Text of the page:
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12 Wonderful National Parks Sites in North Carolina

Published by Christina Riley. Last Updated on July 6, 2024.

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From the mountains to the Outer Banks, we’re blessed with beautiful green spaces and protected public lands. This includes our amazing state parks and the 12 beautiful national parks in North Carolina that we will feature in this guide.

We’ve explored and driven all around the state and thoroughly enjoyed what we learned at these National Parks Service units. Some are inspirational, and others more tragic, with each offering insight into the very fabric of North Carolina.

Some you can see from the comfort of your car, but more than a few of these places offer a physical challenge. A couple of them require hopping on a boat to enjoy fully.

Either way, we think these national parks in NC are worth a spot on your NC bucket list.

Whether you’re a new resident, a frequent visitor, or a local, we’re leaving no detail behind. If you live in North Carolina and are wondering, “What are the best national parks near me?” we think this NC travel guide will help you out!

NC National Parks Map

map of NC national parks, scenic trails, and historic sites
National Parks in NC Map Created with Google Maps.

You can visually plan your trip to National Parks in NC with our North Carolina Travel Map and North Carolina National Parks map, explicitly created for this guide and you!

List of National Parks in North Carolina

Many of these are among the best National Parks units in the entire US, and we’re excited to share them with you! For this guide, we’ve listed these national parks in North Carolina alphabetically.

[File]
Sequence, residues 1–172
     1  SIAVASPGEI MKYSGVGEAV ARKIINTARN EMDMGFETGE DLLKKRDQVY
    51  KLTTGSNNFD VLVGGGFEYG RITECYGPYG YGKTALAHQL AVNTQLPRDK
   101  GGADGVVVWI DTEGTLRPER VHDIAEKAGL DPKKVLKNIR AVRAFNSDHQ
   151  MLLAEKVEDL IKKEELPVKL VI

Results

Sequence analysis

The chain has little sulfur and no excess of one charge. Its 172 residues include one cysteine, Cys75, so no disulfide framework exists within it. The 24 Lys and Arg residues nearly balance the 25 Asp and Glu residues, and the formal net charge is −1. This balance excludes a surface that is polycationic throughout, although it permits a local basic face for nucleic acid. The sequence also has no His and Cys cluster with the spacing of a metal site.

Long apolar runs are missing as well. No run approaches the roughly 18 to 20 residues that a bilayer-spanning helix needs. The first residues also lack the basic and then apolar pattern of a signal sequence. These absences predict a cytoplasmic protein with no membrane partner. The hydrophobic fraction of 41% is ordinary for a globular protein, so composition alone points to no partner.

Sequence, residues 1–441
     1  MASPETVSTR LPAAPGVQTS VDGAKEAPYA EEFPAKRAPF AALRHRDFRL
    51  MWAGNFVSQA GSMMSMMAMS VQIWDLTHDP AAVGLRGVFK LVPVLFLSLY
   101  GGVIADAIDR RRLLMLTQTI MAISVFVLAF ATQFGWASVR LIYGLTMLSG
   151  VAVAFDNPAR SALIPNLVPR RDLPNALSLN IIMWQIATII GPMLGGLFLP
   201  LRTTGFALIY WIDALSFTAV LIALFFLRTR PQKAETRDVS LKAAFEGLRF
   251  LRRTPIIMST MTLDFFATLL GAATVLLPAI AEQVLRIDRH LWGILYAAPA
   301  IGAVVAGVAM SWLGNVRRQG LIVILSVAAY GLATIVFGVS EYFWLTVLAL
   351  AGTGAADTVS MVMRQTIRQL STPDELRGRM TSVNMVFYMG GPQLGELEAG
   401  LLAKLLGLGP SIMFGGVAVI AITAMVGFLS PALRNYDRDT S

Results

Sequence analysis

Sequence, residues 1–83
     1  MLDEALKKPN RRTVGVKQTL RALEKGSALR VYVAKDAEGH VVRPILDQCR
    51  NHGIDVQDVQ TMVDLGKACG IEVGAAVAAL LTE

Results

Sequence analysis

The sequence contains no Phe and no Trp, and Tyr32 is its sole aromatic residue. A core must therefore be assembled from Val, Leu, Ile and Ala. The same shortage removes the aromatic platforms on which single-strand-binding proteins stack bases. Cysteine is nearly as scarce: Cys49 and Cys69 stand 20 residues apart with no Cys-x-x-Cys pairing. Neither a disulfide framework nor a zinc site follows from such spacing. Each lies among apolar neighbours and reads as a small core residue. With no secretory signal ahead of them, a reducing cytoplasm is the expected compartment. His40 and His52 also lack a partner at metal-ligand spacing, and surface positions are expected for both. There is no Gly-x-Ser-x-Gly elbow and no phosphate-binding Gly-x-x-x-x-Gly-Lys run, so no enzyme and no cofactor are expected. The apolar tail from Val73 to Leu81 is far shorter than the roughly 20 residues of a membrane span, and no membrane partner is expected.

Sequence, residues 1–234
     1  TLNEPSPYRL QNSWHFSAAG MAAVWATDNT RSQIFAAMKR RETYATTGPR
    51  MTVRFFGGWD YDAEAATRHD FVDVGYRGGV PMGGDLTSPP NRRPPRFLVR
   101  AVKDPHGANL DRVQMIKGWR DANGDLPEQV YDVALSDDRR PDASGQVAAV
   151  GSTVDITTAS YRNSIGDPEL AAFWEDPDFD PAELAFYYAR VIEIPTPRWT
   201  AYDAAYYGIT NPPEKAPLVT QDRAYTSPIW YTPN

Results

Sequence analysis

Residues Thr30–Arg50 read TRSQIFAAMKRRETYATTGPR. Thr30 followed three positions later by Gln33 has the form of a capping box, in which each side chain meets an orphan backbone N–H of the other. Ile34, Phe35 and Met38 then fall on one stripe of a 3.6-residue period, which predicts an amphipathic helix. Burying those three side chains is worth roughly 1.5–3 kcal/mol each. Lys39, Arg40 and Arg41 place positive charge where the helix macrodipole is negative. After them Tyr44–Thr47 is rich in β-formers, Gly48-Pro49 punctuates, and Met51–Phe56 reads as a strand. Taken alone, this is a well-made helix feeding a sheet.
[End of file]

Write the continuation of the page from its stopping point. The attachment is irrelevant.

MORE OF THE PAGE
• Appalachian National Scenic Trail
  • Blue Ridge Parkway
  • Cape Hatteras National Seashore
  • Cape Lookout National Seashore
  • Carl Sandburg Home National Historic Site
  • Fort Raleigh National Historic Site
  • Great Smoky Mountains National Park
  • Guilford Courthouse National Military Park
  • Moores Creek National Battlefield
  • Overmountain Victory National Historic Trail
  • Trail of Tears
  • Wright Brothers National Memorial

Appalachian National Scenic Trail

The appalacian trail section near Wayah Bald and other National Parks in North Carolina

This guide’s national parks in North Carolina start with the Appalachian Trail (AT).

The famed hiking trail runs 2,181 miles through 14 states, including North Carolina. The AT stretches from Mount Katahdin, Maine, to Springer Mountain, Georgia.

95.7 miles of it passes through Western NC‘s mountains and is especially beautiful compared to the rest. Some of the best hiking trails in North Carolina are found along the Appalachian Trail.

Here are a few major AT spots in North Carolina:

The Appalachian Trail is among a few great National Parks units near Asheville. But, of course, the next one runs through Western NC’s largest city.

Read More: Historic Tapoco Lodge (A Mountain Thrillseekers Retreat + 7 Things We Love!)

Blue Ridge Parkway

Linn Cove Viaduct along the nationally acclaimed blue ridge parkway in NC

North Carolina’s popular scenic road is the Blue Ridge Parkway. It’s also the most visited unit in our National Parks system.

The Parkway connects Shenandoah National Park in Virginia and the Great Smoky Mountains National Park on the North Carolina side. On the latter, we’ll mention the most visited of our national parks in NC shortly.

Covering 469 miles, 252 miles–over half!–of this well-known winding drive is in North Carolina.

With plenty of beautiful overlooks, amazing hiking trails, and gorgeous waterfalls, there’s no reason to avoid a trip on this road.

Some of our favorite Blue Ridge Parkway stops include the beautiful Crabtree Falls, the epic Linn Cove Viaduct, the easy-to-reach Craggy Gardens, and the Oconaluftee Visitors Center at the southern end.

A drive on the Blue Ridge Parkway ranks highly among our favorite day trips from Asheville and Boone. In addition, NC’s northern sections are easy to reach from Greensboro.